park royal

(iv) Pollution and Location 

Natural Ventilation may not be possible if the outside air is polluted. Pollution could be due to traffic, dust from a construction site or other harmful substances, such as emissions from a factory.

Solution 1 | Location – Sensitive functions like schools or hospitals would ideally be located away from such areas.

Solution 2 | Natural Filters/ Barriers – If this is not possible, window opening design could be clubbed with strategies like Vegetation or Earth mounds, to act as noise barriers or to filter pollution.

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That’s all for today. We hope you enjoyed reading the article!

Next week we look at Passive Strategies: Natural Ventilation (b) in which we cover Strategies and related Issues of Natural Ventilation.

For now we leave you with these questions.

Do you know of other Commercial or large projects that are using Passive Strategies?

What do you think of the Passive Strategies mentioned above? Can you spot further practical issues that might arise?

Please share your Sustainability knowledge and experience. Our search for answers continues…..

See you next week.

 


References

  1. Rakheja A. Case Study EcoCommercial Building, Noida, India – Adapting To Climate. High Perform Build. 2013:44-52. https://bit.ly/2O4lt8H.
  2. USAID India. Net Zero Energy Buildings Initiative.; 2011. https://bit.ly/2N2rQNy. Accessed September 9, 2018.
  3. Majumdar M. Sustainable Habitats: Cooling homes…heated pockets. The Economic Times Blogs. https://bit.ly/2wY4wGz. Published 2013.
  4. BEE, USAID, PACE-D. Knowledge Centre – Natural Ventilation. NZEB. https://bit.ly/2QhxxoD. Accessed September 9, 2018.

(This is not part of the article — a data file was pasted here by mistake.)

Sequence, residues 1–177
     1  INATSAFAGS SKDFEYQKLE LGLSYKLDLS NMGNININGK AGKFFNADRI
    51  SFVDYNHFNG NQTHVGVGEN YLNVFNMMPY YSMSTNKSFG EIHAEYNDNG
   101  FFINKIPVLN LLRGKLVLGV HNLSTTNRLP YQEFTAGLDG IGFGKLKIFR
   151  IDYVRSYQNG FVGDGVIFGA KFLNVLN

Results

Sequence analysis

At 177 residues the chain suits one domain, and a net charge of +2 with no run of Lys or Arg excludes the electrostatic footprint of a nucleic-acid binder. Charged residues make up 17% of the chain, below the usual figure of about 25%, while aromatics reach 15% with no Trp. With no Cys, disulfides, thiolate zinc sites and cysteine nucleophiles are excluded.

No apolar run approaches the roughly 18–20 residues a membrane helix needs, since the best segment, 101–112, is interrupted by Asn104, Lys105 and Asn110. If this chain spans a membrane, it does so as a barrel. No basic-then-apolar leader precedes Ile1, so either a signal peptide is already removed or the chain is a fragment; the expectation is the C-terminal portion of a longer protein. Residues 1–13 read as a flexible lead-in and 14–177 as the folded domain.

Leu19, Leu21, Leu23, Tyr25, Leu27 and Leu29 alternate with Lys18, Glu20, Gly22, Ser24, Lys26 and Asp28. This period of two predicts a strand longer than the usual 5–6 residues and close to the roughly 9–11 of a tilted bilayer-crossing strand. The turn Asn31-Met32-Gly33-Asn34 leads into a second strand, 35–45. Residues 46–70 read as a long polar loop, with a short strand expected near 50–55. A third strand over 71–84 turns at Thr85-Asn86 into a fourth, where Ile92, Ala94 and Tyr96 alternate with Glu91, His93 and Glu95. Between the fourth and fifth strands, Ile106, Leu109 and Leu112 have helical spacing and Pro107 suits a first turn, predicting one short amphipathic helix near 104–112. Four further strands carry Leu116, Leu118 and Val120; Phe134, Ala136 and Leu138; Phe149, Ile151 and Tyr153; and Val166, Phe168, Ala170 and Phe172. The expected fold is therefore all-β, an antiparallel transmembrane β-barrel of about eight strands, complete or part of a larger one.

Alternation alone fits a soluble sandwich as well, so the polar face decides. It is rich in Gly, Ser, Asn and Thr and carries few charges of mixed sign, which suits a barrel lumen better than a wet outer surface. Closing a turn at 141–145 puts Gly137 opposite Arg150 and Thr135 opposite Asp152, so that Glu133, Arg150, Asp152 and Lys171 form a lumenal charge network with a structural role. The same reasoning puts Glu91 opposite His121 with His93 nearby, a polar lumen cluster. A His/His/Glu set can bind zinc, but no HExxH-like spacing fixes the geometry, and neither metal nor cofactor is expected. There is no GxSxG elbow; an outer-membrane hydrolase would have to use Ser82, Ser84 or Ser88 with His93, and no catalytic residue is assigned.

5. GRIHA, TERI. GRIHA V-2015.; 2015. http://www.grihaindia.org/files/GRIHA_V2015_May2016.pdf. Accessed September 9, 2018.
  6. GreenCE. Aggressively Passive: Confronting the Comfort Status Quo. https://www.greence.com/Free_Courses/aggressively-passive. Accessed September 9, 2018.
  7. NUS S. NUS breaks ground on its first Net-Zero Energy Building today! https://bit.ly/2CBLknq. Published 2016. Accessed September 9, 2018.

LEED AP BD+C: Resources and Materials (Paid)-1

paid 1

This is part of a series of articles on the experience of giving the LEED AP BD+C examination. Our first article looked at why the LEED AP BD+C exam could prove difficult to crack. The following 2 weeks elaborated on 11 Essential ‘Need -to-Knows’ before LEED AP BD+C Prep (Part 1, Part 2). Last week we started with LEED AP BD+C: Resources and Materials (Free). This week we delve into a list of available online Paid Resources and Materials that you could refer to if needed.

Like we mentioned in earlier posts – If you have prior experience with LEED projects (or some sort of Sustainability background), then things become relatively easier. If not, then you might feel the need to use a guided study course. Today’s article addresses this scenario.